Close look on respiratory syncytial virus (RSV)

12 June 2015
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12 June 2015, Comments: 0

There are many issues that strike fear among parents of young children including respiratory syncytial virus (RSV) infections. When it comes to respiratory syncytial virus infections, many picture out a child suffering from a non-stop cough or a wheezing or puffing child. While RSV can trigger serious symptoms, it is vital to bear in mind that many children infected with the virus might only have common cold or mild symptoms. Even though many children end up infected with RSV by 2 years old, it is good to note that most do not have serious infections.

What are the symptoms of respiratory syncytial virus infections?

Many children typically develop the symptoms of RSV infection within 3-5 days after being exposed to an infected individual either by direct contact with the respiratory secretions or indirect via contaminated objects.

Always bear in mind that the symptoms of RSV infections can range from a minor clear runny nose and occasional coughing that can be managed at home to severe breathing difficulty that requires hospitalization. The other symptoms include sore throat, low-grade fever, irritability and headache. Young children particularly those below 2-3 years old are at risk for severe symptoms such as wheezing, high fever, persistent cough, difficulty breathing or apnea.

How respiratory syncytial virus infections are diagnosed

Respiratory-syncytial-virus

Young children particularly those below 2-3 years old are at risk for severe symptoms such as wheezing, high fever, persistent cough, difficulty breathing or apnea.

Even though testing of the nasal secretions can detect the RSV virus, the diagnosis is typically made by the pattern of the symptoms, particularly if he/she has a cold or wheezing. The testing has oftentimes proven to be useful when the child is hospitalized for infection and quarantine purposes.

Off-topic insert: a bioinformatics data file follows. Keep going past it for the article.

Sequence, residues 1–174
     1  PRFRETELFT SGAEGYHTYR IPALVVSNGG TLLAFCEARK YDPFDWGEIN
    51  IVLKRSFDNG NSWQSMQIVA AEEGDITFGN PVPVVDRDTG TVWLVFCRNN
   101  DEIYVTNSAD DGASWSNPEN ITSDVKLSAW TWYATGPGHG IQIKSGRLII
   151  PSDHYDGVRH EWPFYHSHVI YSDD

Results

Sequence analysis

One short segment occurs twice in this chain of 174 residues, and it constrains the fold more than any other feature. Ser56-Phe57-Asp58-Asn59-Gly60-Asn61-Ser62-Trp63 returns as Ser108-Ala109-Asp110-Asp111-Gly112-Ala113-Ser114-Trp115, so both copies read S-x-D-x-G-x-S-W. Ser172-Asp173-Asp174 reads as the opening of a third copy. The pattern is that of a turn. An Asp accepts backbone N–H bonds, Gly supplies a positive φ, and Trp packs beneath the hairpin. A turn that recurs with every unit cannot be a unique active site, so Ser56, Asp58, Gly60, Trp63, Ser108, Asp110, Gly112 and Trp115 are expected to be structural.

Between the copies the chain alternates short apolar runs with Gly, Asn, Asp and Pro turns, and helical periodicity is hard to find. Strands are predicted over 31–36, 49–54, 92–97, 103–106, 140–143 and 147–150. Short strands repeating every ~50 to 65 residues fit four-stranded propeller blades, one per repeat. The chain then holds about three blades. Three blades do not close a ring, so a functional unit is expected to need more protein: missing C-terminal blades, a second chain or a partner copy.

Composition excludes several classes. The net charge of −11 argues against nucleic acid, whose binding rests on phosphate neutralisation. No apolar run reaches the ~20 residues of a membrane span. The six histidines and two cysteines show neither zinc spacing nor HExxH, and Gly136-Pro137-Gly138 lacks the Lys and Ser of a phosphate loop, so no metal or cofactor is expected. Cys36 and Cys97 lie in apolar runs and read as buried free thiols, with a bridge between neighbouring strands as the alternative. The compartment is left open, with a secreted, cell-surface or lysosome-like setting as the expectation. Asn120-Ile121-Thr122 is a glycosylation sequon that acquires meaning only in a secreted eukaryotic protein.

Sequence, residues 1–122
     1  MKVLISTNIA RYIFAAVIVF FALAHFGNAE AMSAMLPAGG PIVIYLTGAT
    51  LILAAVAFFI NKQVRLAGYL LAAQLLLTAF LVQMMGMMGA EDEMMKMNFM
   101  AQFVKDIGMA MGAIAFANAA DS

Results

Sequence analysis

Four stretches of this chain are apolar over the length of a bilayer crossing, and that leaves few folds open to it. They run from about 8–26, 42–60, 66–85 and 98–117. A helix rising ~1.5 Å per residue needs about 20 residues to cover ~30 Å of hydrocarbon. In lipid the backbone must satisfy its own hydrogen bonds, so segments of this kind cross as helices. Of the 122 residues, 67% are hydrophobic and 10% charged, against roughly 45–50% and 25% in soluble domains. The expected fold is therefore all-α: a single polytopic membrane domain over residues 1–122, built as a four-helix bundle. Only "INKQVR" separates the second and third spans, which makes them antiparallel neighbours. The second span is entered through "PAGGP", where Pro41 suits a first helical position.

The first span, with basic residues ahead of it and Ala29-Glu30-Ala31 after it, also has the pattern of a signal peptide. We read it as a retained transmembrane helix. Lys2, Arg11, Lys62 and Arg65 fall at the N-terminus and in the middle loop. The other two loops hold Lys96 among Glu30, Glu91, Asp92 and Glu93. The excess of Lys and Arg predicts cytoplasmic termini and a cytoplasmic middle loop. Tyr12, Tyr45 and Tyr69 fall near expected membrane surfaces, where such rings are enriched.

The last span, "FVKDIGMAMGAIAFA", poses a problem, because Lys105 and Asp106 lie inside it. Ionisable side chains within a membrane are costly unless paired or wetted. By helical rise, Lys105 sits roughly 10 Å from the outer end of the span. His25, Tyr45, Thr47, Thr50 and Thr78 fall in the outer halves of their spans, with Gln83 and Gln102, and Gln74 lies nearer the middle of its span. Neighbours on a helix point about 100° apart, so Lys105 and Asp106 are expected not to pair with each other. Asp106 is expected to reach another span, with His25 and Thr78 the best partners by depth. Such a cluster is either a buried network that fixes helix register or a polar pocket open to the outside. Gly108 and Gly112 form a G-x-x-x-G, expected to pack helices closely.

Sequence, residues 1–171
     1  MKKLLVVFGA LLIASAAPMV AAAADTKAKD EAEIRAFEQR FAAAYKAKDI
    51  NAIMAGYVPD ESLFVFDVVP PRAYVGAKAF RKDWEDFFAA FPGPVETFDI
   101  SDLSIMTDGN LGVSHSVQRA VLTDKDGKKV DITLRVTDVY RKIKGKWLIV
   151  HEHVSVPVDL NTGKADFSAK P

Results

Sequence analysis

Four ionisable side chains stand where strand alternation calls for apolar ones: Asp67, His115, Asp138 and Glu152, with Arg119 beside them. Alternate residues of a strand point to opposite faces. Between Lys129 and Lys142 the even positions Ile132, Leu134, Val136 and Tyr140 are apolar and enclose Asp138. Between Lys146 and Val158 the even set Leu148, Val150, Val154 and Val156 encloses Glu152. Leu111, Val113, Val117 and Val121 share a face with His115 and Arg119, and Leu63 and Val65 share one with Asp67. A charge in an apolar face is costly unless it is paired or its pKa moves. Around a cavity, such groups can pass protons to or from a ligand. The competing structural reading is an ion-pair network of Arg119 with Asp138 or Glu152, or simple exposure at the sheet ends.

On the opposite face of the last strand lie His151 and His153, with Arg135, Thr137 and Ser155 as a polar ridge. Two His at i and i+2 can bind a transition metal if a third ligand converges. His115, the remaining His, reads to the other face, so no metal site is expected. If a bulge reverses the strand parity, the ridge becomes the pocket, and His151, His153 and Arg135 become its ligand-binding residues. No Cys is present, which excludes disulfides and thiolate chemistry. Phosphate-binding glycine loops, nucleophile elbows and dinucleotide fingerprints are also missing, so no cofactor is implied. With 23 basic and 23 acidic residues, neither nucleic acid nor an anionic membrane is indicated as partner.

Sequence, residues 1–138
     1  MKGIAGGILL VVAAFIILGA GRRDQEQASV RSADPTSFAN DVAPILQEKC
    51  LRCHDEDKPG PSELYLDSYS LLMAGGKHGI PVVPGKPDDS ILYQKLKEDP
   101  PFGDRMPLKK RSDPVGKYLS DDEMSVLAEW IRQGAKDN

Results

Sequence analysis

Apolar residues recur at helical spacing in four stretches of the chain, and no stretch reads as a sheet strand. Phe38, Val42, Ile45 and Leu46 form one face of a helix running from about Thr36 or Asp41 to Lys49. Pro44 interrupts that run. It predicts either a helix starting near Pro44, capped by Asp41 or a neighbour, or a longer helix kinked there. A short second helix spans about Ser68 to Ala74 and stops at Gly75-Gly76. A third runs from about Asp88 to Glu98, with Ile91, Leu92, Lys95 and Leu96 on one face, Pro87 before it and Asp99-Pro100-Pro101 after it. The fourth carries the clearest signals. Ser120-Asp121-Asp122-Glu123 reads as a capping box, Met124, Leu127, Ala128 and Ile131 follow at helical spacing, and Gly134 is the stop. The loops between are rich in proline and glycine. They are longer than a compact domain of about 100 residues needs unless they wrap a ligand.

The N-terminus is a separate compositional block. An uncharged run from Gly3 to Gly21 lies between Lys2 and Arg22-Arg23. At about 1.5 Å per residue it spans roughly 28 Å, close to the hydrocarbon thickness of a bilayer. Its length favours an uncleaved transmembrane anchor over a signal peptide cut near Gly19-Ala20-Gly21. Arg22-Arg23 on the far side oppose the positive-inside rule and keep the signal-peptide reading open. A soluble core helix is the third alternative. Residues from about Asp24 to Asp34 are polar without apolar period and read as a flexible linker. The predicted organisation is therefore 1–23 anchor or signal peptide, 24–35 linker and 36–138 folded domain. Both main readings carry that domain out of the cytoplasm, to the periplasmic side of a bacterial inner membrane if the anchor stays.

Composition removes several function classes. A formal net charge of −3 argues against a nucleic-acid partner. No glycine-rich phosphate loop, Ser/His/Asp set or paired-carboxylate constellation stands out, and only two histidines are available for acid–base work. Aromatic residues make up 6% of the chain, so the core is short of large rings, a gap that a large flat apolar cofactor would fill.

Treatment for RSV infections

It is important to note that the treatment for RSV infection is considered controversial. Some doctors treat the infection in an aggressive manner particularly the wheezing with nebulizer treatment along with steroids. On the other hand, other doctors feel that there is no effect at all. Some utilize breathing treatments and only continue if there is good response.

Children who experience breathing difficulties require hospitalization for administration of intravenous fluids and oxygen as well as respiratory support on a ventilator. An antiviral drug is available but only used on seniors or life-threatening cases but its use is regarded as debatable.

For children with mild symptoms, a cold and cough medication along with pain and fever medications and a cool mist humidifier can help the child feel better until he/she gets better on his own.

Facts about RSV

  • Even though older children and adults can acquire a simple cold, young children can end up with bronchiolitis along with difficulty breathing and wheezing.
  • It is not uncommon for RSV infections to persist for 1-3 weeks.
  • Using antibiotics cannot help manage RSV infections but required if the child develops a secondary bacterial infection such as an ear infection.

Just like with other viruses that can trigger common cold, it is possible to end up with RSV more than once. Do not forget that there are other viruses aside from RSV that can instigate bronchiolitis including the flu as well as parainfluenza virus infections.

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